As the shadow rapporteur in the Regulation and Implementation of Horizon Europe, I persistently pleaded that at least 35% of the projects shall revolve around climate mainstreaming. What we have also noticed in the previous evaluations is that there is a (co-)relation between the success rate of a Member State to obtain such funding and the rate of its own investments in research and innovation. Member States have pledged to dedicate 3% of their GDP to research and innovation by 2020. So far, Belgium is at 2,54%, with Flanders at 2,7%. By the end of 2020, Belgium will have received €1.38 billion from the 8th Framework Programme Horizon 2020. Only through a strong commitment from the Member States, the EU can be a key enabler of new technologies.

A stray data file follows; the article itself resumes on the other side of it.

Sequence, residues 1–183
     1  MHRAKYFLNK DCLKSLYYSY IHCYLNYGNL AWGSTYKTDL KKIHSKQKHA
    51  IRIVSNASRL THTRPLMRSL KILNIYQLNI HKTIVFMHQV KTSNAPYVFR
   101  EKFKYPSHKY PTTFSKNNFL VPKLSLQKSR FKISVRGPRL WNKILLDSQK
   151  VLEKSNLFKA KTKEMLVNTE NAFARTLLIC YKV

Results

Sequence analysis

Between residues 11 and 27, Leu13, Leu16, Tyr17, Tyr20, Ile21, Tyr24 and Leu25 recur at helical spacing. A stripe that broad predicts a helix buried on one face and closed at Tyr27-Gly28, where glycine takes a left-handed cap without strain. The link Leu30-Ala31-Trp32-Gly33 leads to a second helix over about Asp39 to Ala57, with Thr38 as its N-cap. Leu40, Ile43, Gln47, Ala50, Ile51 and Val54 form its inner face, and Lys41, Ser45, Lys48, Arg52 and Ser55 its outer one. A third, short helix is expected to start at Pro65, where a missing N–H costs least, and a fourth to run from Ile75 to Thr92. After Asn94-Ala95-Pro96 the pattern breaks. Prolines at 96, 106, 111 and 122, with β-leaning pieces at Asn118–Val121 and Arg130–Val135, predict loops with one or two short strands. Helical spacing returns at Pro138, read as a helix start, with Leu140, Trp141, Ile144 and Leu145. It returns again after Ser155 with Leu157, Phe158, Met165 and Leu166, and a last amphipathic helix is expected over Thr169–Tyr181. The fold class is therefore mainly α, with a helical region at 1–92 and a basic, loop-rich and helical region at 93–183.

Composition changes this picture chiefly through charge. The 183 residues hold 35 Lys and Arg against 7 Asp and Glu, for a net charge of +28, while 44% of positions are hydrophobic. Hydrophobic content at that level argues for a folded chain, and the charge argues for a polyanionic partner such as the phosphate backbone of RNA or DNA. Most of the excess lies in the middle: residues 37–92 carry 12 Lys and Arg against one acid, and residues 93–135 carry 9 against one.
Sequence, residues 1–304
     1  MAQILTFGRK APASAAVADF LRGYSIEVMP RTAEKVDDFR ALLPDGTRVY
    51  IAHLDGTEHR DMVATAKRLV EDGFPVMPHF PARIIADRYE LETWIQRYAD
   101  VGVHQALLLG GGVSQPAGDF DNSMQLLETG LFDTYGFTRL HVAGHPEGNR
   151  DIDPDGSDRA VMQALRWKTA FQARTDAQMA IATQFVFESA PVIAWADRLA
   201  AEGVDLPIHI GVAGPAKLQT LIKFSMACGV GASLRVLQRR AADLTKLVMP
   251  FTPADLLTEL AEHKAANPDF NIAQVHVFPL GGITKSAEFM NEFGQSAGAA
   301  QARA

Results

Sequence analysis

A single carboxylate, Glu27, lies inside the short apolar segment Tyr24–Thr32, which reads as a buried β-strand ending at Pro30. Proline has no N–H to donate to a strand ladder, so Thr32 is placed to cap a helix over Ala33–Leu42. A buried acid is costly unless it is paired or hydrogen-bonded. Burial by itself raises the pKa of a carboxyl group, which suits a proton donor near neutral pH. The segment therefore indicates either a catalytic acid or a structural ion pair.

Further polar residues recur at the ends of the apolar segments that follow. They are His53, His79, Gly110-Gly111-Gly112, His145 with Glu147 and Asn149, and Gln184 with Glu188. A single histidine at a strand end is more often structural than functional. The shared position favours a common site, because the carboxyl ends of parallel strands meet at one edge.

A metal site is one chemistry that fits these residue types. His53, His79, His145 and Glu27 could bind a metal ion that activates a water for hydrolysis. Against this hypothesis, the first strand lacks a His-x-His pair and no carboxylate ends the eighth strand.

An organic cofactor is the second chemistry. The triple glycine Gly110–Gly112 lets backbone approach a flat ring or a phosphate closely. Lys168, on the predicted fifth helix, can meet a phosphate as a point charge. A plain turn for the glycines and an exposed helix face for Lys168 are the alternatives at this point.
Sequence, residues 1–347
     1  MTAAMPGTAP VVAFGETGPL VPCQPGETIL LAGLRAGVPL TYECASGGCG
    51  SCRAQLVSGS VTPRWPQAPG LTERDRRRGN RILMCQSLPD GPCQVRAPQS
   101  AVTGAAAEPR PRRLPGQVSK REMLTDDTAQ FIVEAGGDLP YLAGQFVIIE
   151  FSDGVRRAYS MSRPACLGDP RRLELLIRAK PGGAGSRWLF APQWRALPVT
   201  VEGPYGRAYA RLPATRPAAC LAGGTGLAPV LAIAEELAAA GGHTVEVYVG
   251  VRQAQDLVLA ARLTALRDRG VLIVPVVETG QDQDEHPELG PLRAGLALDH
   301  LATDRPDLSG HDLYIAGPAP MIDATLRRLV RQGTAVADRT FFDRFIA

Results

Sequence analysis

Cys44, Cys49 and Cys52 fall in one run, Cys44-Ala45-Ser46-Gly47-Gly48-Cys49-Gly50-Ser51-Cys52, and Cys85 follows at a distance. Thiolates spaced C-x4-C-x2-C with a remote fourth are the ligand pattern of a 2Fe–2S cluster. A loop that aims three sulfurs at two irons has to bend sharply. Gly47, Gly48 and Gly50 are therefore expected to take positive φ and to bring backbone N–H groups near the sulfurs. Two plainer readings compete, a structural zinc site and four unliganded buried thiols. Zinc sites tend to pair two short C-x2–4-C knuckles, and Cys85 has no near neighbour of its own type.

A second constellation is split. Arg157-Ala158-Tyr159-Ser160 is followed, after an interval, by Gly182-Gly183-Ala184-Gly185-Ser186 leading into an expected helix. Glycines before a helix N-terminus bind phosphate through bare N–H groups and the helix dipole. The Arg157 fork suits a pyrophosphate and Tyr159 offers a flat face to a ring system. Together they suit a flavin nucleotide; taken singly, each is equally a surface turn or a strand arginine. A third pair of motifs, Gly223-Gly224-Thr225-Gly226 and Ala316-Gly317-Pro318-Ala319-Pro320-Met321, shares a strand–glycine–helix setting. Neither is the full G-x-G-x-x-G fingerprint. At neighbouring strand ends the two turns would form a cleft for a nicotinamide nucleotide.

Smart investments in innovation are vital for dependent countries. Current Flemish Minister for Energy Lydia Peeters has laid down the provisional banding factor of 0.944 for the floating solar panel park "Floating PV Groeve Schans Sibelco" in Dessel in a Ministerial Decree. Based on the provisional banding factor, the investor will have a good estimate of the support to which he is entitled. After the delivery of the environmental permit, the final banding factor is assigned.
"We expect a higher return from these floating solar panels due to the new technologies. Support from the Flemish government remains necessary for profitability, but we avoid over-subsidies.", said Minister Lydia Peeters.2
With funding programmes such as Horizon Europe, worth €100 billion, and with national initiatives to enable smarter and more sustainable energy solutions, gas and oil imports are slowly but surely on the retreating end of the scales. In the end, this will not only enable the transition. It will become a driver for sustainable growth and a source for renewed wealth that will provide the basis for our future welfare State.
Lieve Wierinck, MEP
Rue Wiertz 60, 1047 Brussels Office WIE 03U029